11/22/07 — Battle for bargins officially beginning

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Battle for bargins officially beginning

By Bonnie Edwards
Published in News on November 22, 2007 8:12 AM

Thousands of Wayne County residents won't use Friday as a day to sleep in a few extra hours.

There is war to be waged.

They will be up before dawn, store advertisements and shopping lists in hand, waiting in lines in search of the next big holiday bargain.

And, if they are like Lynn Strickland of Nahunta, they will bring reinforcements.

Mrs. Strickland, her mother, Linda Brock, and her 14-year-old daughter, Taylor, plan to fan out to make the most of bargain day.

But she doesn't wait until Friday morning to map out her strategy.

That starts with a scouring of the Black Friday Web site and the newspaper inserts.

After that and a comparison to the family shopping list, it is time for a battle plan.

"We'll decide who's got what and decide what we want and take it from there," Mrs. Strickland said.

And that means an early start.

Mrs. Strickland's day will begin in the line in front of Kohl's in Raleigh. The doors open at 4 a.m., but she will be there at 2:30 a.m.

Her mom and daughter will be staked out at Target and Sam's -- with their lists in hand.

"If Kohl's has something I want, you can get in and out in no time, and Mom can hold a spot for me in line at Sam's. And I can hold a spot at Target," Mrs. Strickland said.

When they are through in Raleigh, the trio will have plenty of time to hit the lines at some Goldsboro stores.

And they will not be alone. Millions of Americans will forgo sleep Friday to take advantage of the specials.

Black Friday is the name retailers have given the day after Thanksgiving -- the one day of the year that yields so much revenue that it sends stores' books back into the black.

Although the main doors to Berkeley Mall open at 8 a.m., J.C. Penney opens at 4 and Belk and Sears open at 5 a.m.

Mall walkers are urged to pick another day for their morning exercise.

Sears manager Steven Mull and his crew are ready to handle the crowds. He advises Black Friday shoppers to remain patient, to be courteous and to ask for substitutes when they don't find what they want in an ad.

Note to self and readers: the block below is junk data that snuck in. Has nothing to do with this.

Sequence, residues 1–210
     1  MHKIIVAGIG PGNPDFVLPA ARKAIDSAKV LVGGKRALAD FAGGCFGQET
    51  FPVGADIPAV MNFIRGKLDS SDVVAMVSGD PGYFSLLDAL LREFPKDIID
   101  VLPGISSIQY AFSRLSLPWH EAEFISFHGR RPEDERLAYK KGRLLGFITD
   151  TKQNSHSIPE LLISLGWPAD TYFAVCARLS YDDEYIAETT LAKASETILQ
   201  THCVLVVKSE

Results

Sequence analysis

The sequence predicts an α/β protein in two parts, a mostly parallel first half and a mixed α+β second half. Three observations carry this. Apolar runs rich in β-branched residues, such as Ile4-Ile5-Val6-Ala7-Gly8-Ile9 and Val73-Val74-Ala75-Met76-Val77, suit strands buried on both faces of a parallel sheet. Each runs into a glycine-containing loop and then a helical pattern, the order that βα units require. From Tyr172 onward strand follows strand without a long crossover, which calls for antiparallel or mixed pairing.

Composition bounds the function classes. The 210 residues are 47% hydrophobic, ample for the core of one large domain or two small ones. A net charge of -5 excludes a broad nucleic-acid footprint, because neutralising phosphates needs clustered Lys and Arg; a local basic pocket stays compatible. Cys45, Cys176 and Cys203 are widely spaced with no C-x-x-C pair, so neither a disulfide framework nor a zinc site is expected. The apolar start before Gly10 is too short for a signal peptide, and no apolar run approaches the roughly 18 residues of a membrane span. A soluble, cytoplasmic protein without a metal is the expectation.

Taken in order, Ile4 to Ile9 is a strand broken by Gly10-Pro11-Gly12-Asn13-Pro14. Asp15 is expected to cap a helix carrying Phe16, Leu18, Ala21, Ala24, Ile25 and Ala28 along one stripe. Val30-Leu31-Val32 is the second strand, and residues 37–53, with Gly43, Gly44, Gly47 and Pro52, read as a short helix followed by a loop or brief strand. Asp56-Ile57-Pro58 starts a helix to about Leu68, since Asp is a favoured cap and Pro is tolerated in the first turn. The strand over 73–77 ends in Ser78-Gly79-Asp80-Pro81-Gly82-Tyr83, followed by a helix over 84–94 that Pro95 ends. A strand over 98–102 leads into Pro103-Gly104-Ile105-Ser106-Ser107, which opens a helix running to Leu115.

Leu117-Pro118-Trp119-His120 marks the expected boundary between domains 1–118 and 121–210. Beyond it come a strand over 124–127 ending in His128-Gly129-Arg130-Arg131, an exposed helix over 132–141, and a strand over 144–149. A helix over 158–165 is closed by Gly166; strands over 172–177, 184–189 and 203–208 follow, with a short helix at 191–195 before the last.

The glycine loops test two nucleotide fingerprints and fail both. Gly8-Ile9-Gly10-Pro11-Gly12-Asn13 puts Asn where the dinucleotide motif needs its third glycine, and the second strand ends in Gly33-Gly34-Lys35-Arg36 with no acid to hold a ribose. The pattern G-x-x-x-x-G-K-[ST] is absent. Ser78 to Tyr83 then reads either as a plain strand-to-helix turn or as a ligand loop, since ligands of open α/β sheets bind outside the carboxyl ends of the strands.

"We go through it so quickly," Mull said. "Quantities are limited no matter where you go."

And if you don't want to brave the lines -- there is always the Internet.

Customer can order advertised items on the Internet and get them shipped free to their home -- and they might even discover a few extra, unadvertised values.

"They're doing a lot of online specials on the Web," Mull said.

Sam's Club will open at 5 a.m. and shoppers who start their day there will not have to go hungry.

Continental breakfast is planned until 9:30 a.m.

Goldsboro Wal-Mart manager Pete Flanigan will start his Black Friday sales at 5 a.m., too.

And there also will be refreshments at his store on Spence Avenue.

"While they will have 600, we'll have 6,000 people," Flanigan said about his store and Sam's.

He won't have a line, because his store -- like the ones in Mount Olive and Rosewood -- is open 24 hours a day, 7 days a week. All three Wal-Marts will unveil their merchandise for the Black Friday sale at 5 a.m.

Mrs. Strickland said she probably won't hit Wal-Mart, but she still is hunting a couple of items -- a portable PlayStation 2, for example -- which are still eluding her.

There is always hope, she said.

Old Navy will probably be one of their stops, and then it is off to Radio Shack. Mrs. Strickland has her heart set on a camera there.

"I have nieces and nephews who graduate all the time. This is not just for Christmas. I can hold onto them until June and give them all a nice camera," Mrs. Strickland said.

Black Friday is a tradition for mother and daughter -- and this year, granddaughter.

"(Taylor) can handle herself in a store better than I can," Mrs. Strickland said. "She is the first to grab a sales associate and say, 'Excuse me.' We touch base back and forth and say, 'Where are you at? What you got? What you need?' Kmart always has good deals on jewelry. They make good stocking stuffers for the cousins and nieces and grandma."

The trio will make a day of it. They will shop, eat breakfast, get warm.

"It's always cold that day. You can be running around in a T-shirt and shorts Thanksgiving Day, and the next day, it's going to be cold," Mrs. Strickland said. "But it's fun. You sit down at the end of the day and you can't believe the people you've met and how vicious they can get."

And there is a code of honor among shoppers.

Mrs. Strickland said she saw a man lose his place in line to grab a woman who was trying to cut into the line.

"He nailed her. It's common decency to respect someone who has been in line when you arrive," she said. "These people stand in line in the cold for an hour and a half. You don't stand propped against a car and jump line five minutes from the door opening. You don't do that."

Mrs. Strickland doesn't mind the cold, and she admonishes the line-jumpers to not do it again.

"You stand in line and talk to people. We have gotten at the Target store early enough to be third in line."

This year, Target opens at 6 a.m., along with Kmart. The Roses store in Mount Olive opens two hours later at 8 a.m.

Mrs. Strickland and her entourage will be ready.

"You take your coffee. You wear your gloves. Taylor's phone has Internet on it. There's always somebody to talk to at 4 a.m. My sister calls me to say, 'have fun,' and she goes back to bed."